The goal of this seminar is thus to answer one question – ‘What is art?’ – by addressing more foundational questions about the nature of value. This strategy is thoroughly rationalist in spirit, but our pursuit of it will be equally rationalist in practice: it will involve exploring rationalist themes in the aesthetic tradition from Plato to Hegel, and leveraging ideas about reason, freedom, and normativity from contemporary rationalist thought. However, it remains a research seminar. The relevant questions must be broken down further, and what would constitute adequate answers remains to be seen.
Hello again. Myself and Ben Woodard will be teaching another online course for the New Centre for Research and Practice titled ‘Philosophy as System: An Introduction to German Idealism’ beginning on October 27th. I’ll be taking the lead teaching Kant and Hegel, and Ben will be taking the lead teaching Fichte and Schelling, and I’m looking forward to it immensely. The blurb for the course is as follows:
German Idealism has been slandered as that school of thought which ‘ran through the door that Kant only wished to peak through’ thereby appearing as a crude return to dogmatic or pre-critical metaphysics. However, the speculativeambition of the German Idealists was far from opposed to Kant’s critical restraint, but rather, their characteristic systematic impulse was derived as much from Kant’s methodological concerns as his transcendental idealism. The aim of the present course is thus to thoroughly demolish this stubborn caricature of German Idealism. Beginning with the architectonic of Kant’s system, we will show how he and his successors created new forms of systematic philosophy which risked accusations of subjective idealism in order to grasp not only the fundamental structures of thought, but how thinking itself alters, and is embedded in, the world. In addition to providing a historical overview of four major thinkers (Kant, Fichte, Hegel, and Schelling) and contextualizing their philosophical contributions, we will aim to connect concepts drawn from their work to contemporary philosophical and extra-philosophical concerns.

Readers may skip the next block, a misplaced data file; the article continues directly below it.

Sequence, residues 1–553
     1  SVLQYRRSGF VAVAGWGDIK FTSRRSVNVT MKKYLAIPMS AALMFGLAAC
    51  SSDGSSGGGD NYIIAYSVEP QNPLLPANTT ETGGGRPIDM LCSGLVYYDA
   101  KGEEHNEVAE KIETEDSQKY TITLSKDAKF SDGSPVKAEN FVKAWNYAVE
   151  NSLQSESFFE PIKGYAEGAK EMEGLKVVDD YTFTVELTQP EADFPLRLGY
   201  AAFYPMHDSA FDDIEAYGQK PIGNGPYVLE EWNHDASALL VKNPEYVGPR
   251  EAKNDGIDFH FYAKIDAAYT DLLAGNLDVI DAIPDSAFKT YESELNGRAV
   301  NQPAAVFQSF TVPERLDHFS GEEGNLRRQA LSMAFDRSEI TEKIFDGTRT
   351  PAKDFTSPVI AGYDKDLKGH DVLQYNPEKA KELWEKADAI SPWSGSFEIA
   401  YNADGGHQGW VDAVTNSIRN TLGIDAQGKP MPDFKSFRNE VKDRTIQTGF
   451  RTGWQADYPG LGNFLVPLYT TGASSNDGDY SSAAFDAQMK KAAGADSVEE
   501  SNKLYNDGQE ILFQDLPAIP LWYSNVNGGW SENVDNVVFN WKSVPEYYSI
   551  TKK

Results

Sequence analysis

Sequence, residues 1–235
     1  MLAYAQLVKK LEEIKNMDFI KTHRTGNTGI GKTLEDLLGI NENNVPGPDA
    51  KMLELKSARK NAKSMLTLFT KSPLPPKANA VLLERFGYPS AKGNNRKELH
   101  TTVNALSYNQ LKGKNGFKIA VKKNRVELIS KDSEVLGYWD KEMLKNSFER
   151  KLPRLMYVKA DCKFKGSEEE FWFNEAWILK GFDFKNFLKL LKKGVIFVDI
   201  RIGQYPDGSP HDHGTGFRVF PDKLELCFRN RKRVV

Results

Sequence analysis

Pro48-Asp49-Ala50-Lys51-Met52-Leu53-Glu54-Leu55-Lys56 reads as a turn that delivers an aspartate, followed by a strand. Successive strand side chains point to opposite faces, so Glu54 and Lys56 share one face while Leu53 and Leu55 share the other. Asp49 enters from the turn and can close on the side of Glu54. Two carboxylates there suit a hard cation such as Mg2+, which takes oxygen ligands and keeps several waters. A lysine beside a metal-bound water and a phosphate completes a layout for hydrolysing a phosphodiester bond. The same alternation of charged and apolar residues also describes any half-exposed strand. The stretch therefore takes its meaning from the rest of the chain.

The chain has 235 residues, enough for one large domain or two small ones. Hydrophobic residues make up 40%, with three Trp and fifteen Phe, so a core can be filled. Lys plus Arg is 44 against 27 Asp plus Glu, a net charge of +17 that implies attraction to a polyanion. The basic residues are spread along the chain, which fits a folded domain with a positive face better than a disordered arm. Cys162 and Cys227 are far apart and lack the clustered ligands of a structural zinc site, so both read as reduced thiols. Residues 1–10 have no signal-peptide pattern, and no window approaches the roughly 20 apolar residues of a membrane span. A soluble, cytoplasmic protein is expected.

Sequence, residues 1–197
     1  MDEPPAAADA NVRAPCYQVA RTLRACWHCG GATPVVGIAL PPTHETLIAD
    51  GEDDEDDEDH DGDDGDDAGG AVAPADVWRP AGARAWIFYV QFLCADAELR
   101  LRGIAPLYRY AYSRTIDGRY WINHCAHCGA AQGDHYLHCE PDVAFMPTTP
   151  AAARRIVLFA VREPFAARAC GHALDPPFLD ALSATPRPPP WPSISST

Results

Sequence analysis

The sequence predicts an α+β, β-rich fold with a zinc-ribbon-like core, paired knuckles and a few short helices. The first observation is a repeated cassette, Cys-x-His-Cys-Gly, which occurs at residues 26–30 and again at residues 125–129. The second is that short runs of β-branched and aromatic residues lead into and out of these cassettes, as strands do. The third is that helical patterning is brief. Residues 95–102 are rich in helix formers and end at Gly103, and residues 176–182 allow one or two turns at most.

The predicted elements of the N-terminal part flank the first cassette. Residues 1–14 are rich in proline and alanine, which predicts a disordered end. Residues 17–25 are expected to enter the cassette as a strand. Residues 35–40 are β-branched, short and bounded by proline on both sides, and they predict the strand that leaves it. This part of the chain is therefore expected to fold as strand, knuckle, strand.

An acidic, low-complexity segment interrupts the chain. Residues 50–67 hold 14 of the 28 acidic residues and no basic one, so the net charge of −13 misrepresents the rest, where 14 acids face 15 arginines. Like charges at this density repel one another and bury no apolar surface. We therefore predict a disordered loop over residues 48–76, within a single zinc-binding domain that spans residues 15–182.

If you’re interested, more information about the course and how to register can be found here.
I recently gave a talk at the Inhuman Symposium at the Fridericianum in Kassel, titled ‘The Reformatting of Homo Sapiens‘. The video of the event has just been released, so I’m sharing it here for those who are interested. The paper itself is slightly truncated, and really needs a further section discussing desire, and outlining a positive conception of agency, selfhood, and value on that basis. However, such are the perils of time limits.
Here is my talk:
And here is the panel discussion, in which I have quite a lively back and forth with Rosi Braidotti:
I highly recommend watching the other talks, which are also available here.
New Year’s greetings to everyone. Sorry there hasn’t been much up here in a while. For those of you who don’t know, I’m teaching an online course for the New Centre for Research and Practice titled ‘Reintroduction to Metaphysics’. The first half of the module, ‘The Speculative Return’, which dealt with the history of metaphysics, its 20th century decline, and its return to popularity within the Continental tradition, took place last year. The second half, ‘Method and Practice’, which will attempt to say something positive about the methodology of metaphysics and tackle a few specific metaphysical topics, is starting next week, and there’s still time to sign up to take it or audit it if you’re interested. For those who are curious, the syllabus is available here.
For those of you who may not be aware, myself and Armen Avanessian organised a Summer school on ‘Emancipation as Navigation‘ at the Haus der Kulturen der Welt in July. This involved seminars given by Reza Negarestani, Armen, myself, Anke Hennig, James Trafford, Deneb Kozikoski, Nick Srnicek, Lucca Fraser, Benedict Singleton, Helen Hester, and Ray Brassier, and a bunch of fantastic participants.
Some of these participants (most notably Benjamin Tippin) have now set up a blog to host the available audio of the event, and have started with the audio of my seminars. Unfortunately, not everyone wants their seminars made publicly available, but given some more audio magic (courtesy of Lendl Barcelos) there should be more audio made available soon, and maybe even some thoughts from the other participants.